The top 10 Seth Rogen performances. By Simon Miraudo.
Canadian comedian Seth Rogen made his debut in Judd Apatow and Paul Feig‘s TV show Freaks and Geeks at the age of 17, but it would take another six years before he broke out in The 40-Year-Old Virgin (his two-second appearance as ‘Eager Cameraman‘ in Anchorman was sadly overlooked). Ever since, he’s been one of the most beloved hit-making comic actors in Hollywood. To celebrate his co-starring role in new DVD/Blu-ray release 50/50 (which he also produced), we’re looking back on his ten best performances (so far). Cue, signature Rogen chuckle: “Hegh-hegh-hegh.“
Seth Rogen and Kevin Smith seem like they’d be a much made in heaven (despite the former loving to improvise, and the latter slavishly devoted to his scripts). They meet one another halfway in this raunchy romantic comedy, that survives on Rogen and co-star Elizabeth Banks‘ charm.
Just one of Rogen and co-writer Evan Goldberg’s many collaborations. Here, he flips convention by playing the straight man opposite James Franco‘s lovable idiot stoner. As a result, he’s overshadowed somewhat. Still, theirs is one of the most appealing double-acts in recent memory.
Joe Lo Truglio was the one motion-captured, but Seth Rogen spoke for alien invader Paul. It’s the best of his many, many, many, many vocal performances. He surely can’t get away with another; the guy has kind of a recognisable voice.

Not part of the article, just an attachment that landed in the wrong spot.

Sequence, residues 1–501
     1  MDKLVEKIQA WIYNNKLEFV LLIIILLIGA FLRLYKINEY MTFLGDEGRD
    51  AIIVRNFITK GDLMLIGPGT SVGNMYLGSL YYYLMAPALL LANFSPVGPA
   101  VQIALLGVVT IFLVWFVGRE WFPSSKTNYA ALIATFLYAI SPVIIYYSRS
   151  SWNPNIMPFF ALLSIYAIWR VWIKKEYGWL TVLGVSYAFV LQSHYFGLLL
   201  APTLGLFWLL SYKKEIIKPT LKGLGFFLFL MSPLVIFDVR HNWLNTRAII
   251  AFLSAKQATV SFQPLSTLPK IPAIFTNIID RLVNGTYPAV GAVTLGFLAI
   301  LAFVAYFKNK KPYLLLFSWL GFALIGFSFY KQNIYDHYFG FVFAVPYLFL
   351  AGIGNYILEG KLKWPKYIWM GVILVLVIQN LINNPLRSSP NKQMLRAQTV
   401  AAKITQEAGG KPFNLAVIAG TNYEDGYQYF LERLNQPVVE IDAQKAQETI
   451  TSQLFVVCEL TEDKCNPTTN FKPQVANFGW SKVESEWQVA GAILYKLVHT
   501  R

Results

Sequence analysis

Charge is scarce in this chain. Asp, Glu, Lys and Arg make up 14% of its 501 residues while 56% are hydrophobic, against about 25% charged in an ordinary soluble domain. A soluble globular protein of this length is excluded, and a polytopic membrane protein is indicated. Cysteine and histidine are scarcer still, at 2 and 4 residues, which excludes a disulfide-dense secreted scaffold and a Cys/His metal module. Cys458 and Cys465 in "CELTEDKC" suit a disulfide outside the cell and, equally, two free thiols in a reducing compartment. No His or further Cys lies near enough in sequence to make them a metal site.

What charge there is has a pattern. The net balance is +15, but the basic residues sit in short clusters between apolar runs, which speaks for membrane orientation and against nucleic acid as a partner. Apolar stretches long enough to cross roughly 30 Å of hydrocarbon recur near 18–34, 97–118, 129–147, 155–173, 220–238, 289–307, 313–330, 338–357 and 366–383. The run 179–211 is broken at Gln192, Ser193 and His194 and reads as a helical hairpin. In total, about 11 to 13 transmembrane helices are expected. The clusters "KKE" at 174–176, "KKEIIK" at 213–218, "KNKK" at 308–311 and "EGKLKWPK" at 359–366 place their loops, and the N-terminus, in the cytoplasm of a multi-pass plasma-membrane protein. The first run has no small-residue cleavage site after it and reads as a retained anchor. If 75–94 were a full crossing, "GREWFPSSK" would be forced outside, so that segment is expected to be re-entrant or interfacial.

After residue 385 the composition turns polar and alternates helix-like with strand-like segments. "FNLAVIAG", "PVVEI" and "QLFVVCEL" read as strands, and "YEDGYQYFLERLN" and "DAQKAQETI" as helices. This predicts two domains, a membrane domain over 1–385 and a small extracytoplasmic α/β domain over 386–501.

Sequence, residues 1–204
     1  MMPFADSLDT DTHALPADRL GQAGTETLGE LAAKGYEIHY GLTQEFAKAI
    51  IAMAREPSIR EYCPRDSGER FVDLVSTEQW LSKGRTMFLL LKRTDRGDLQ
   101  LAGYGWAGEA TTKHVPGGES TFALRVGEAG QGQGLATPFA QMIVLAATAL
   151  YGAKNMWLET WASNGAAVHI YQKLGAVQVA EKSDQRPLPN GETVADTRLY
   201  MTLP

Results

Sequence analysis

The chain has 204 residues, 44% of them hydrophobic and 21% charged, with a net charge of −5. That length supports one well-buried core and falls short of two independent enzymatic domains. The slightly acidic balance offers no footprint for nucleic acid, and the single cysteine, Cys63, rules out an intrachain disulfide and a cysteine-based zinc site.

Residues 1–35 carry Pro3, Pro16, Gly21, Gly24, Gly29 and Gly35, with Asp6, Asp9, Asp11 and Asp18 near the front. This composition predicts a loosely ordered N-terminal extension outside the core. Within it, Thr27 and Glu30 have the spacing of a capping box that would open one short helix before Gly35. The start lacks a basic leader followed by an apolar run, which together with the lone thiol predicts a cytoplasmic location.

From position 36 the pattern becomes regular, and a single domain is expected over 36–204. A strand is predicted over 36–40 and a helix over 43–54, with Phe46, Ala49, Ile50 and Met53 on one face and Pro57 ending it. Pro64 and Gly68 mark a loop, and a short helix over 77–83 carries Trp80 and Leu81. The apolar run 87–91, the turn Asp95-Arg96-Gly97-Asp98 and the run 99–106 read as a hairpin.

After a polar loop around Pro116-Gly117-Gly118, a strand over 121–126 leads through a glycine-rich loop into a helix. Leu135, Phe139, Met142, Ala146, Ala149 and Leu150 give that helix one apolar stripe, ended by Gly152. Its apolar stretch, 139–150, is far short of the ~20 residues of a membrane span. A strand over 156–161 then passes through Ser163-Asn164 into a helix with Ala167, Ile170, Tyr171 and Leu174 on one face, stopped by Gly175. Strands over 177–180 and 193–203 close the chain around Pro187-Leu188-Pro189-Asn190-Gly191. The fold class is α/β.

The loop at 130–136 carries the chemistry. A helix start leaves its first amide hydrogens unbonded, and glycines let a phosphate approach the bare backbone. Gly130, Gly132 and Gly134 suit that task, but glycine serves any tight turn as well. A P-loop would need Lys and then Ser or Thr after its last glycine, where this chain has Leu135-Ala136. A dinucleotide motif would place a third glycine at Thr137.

Rogen and Goldberg created a couple of the most irresponsible cops ever seen on screen this side of the Bad Lieutenants. Officer Michaels (Rogen) is the slightly calmer counter-part to Officer Slater (Bill Hader); however, both cut loose when they’ve got McLovin (Christopher Mintz-Plasse) by their side.
We got to see Seth’s serious side opposite Michelle Williams in Sarah Polley‘s marital drama Take This Waltz. Though the film has its problems, Rogen holds his own against Williams, and that’s pretty much as big a compliment as we can give.
Michel Gondry‘s The Green Hornet (again penned by Rogen and Goldberg) divided audiences, but I personally loved the depiction of rich-boy turned vigilante Britt Reid as a petulant child. It takes guts to commit to making your hero this unlikable; somehow, it works.
3. Funny People
And just a year earlier, he gave his most affable performance in Judd Apatow’s Funny People. A little long in the tooth, the movie is kept alive by struggling comic Ira’s sweetness in the face of bitter George Simmons’ (Adam Sandler) increasing cruelty.
2. Knocked Up
The internet scoffed at the idea of a schlub like Ben Stone scoring a woman like Alison Scott (Katherine Heigl). First of all: that’s not nice. Secondly: he proves to be the perfect rom-com foil in this smart and extremely funny pregnancy flick.
Ronnie Barnhardt is the least lovable character of his rogues gallery; in fact, he’s the strangest, craziest, and most demented. These may not sound like traits familiar to Rogen, but he pulls them off with aplomb in Jody Hill‘s underrated black comedy. A mall cop with aspirations of being a police officer unleashes his violent side while on the hunt for a renegade streaker. The Taxi Driver comparisons are apt.